Tomatin Distillery: A Most Human Whisky

At first glance, Tomatin seems alienating. Nestled in the Monadhliath Mountains just south of Inverness, the snowy, seemingly barren ranges and moors seem distant, inhospitable and even inhuman.

Beware! Appearances are misleading. Tomatin is a place of much warmth, beauty and human history. Most of all, Tomatin is a story of surviving with much heart. Let’s tell the story from the beginning. It starts with illicit distilling.

It is surprising to know this, but the story starts with gin. Tomatin means ‘juniper hill’ the main ingredient in gin and was associated with illicit gin stills, defying the writ of the British government due to the place’s rugged remoteness.

A fascinating fact about juniper is that if you burn the plant, it produces no smoke, meaning the excise officer could not spot an isolated still. Whisky came with the railways.

In 1892, an enterprising local, John MacDougall discovered that the final route of the Highland Railway would pass through Tomatin, making it easily accessible to Inverness.

He believed that he could make exceptionally good whisky, and Tomatin does for several interesting reasons.

A Distillery, Literally, Above All Others

The first aspect that makes Tomatin unique is its location. Situated 315 meters above sea level, it holds the title of the highest distillery in Scotland.

This altitude plays a significant role in the whisky’s flavour, as the cooler temperatures and pure, crisp mountain water contribute to a delicate and nuanced spirit.

The water is indeed remarkable for a very specific reason.

Not All Water is Good for Whisky

Mountain streams are not usually good for whisky because they contain too much mineral content. 

Tomatin uses water sourced from the Allt na Frithe, a nearby mountain stream. The water runs through granite, moor and peat and the minerals are filtered out.

This gives the distillery water perfect for whisky production.

Legendary Fermentation

Tomatin has the longest fermentation period in the world – an astounding 168 hours or one week. This gives the distillery a really fresh, tropical and fruity spirit.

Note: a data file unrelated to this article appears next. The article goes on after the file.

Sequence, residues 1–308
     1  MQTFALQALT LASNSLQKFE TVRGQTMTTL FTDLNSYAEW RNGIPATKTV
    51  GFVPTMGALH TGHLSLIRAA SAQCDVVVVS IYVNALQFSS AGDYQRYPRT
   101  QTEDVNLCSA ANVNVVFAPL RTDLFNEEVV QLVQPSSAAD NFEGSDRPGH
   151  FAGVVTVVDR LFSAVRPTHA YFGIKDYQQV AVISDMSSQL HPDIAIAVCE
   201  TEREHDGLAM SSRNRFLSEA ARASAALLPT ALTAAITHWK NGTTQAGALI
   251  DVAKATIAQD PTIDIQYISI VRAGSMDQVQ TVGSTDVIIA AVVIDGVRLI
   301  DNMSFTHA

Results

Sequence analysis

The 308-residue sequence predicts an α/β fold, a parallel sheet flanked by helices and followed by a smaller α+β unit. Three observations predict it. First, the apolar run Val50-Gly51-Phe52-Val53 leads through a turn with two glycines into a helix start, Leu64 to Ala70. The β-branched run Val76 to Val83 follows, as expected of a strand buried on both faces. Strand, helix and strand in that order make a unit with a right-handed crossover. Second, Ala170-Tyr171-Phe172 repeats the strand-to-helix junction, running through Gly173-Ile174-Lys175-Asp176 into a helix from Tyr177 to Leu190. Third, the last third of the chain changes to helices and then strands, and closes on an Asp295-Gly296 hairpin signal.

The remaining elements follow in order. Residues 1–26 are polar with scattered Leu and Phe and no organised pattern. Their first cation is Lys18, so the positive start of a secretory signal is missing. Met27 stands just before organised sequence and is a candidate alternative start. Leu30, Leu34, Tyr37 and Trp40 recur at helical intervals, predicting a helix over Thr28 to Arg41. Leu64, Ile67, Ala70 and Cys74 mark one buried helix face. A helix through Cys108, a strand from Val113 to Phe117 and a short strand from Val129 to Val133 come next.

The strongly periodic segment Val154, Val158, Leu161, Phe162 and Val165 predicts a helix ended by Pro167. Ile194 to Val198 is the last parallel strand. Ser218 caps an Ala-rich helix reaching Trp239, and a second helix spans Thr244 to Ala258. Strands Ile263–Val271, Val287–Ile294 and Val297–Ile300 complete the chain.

Altitude, water and fermentation would be enough to distinguish Tomatin from other distilleries, but Tomatin is all about the human.

Children Living in a Distillery

Tomatin is not just a distillery, it’s a village – a small family village: the distillery contains 30 houses rented to workers. Workers in the distillery say that their job is not just a job but a lifestyle.

Driving into the distillery, don’t be surprised if you see children on the way to school.

It’s common to find successive generations of families working in the distillery.

Graham Eunson, the warm and unassuming Distillery Operations Director and Master Distiller, created the popular Legacy brand by asking members of staff to vote for it.

Unusual Owners

In the 1980s, Tomatin was bought up by a Japanese company. This is not what is unusual.

The Japanese owners were so enchanted by the unique characteristics of this distinctly Scottish brand that they decided to run it in a hands-off manner, trusting in the devotion of its staff and management to see it through any difficulty, and the distillery has indeed overcome many difficulties.

It’s remarkable to know that in the 1970s, Tomatin was the biggest distiller in Scotland, providing blenders with their whisky.

Since the 1990s, this has changed, and Tomatin retains its whiskies for its own unique blends and has made great strides into the single malt market. Their single malts are increasingly popular around the world.

From Viking to Master Distiller

Graham Euson, the Master Distiller, has remarkable ancestry. He is a direct descendant of the founder of Highland Park, Magnus Eunson, a man of direct Viking descent.

Despite the many innovations and new recipes that Graham has introduced to Tomatin, Graham sees himself simply as a custodian of the remarkable whiskies of Tomatin.

Despite his modest and self-effacing manner, the excellence of a whisky is determined by both the traditions of the past and the energy and dedication of the present.

We present here some of the core range of Tomatin.

For the Young

Legacy is a no-age-statement whisky created for a younger demographic. You could describe it as a bourbon style whisky. It is light, sweet and easy to drink with flavours of toffee, caramel and rich fruit.

Charmingly, Graham, originally, created two flavours for Legacy and then carried out a blind test with the staff of the distillery choosing the final recipe.

For the Dangerous

The well-balanced Tomatin 12 Year Old is one of the distilleries best sellers.  It is aged in ex-bourbon and sherry casks. It has flavours of fruitcake and spiciness and is dangerously easy to drink.

For the Rich

Tomatin 14 Year Old Port Wood Finish is one of the deeper and richer whiskies of Tomatin’s large range.

It’s been aged in ex-tawny casks which is a less sweet port than ruby port but nuttier. It has flavours of chocolate, fruit and berries.

Desiring to Please You

We have a very large range of Tomatin delightful whiskies. As you’ll see, Tomatin is one of the distilleries that caters to every taste, from the beginner to the connoisseur.

It’s a pleasant thing to know that in the isolated mountain ranges of Scotland there exists a company that deeply desires to please you.  

Visit them here.

Comments are closed here.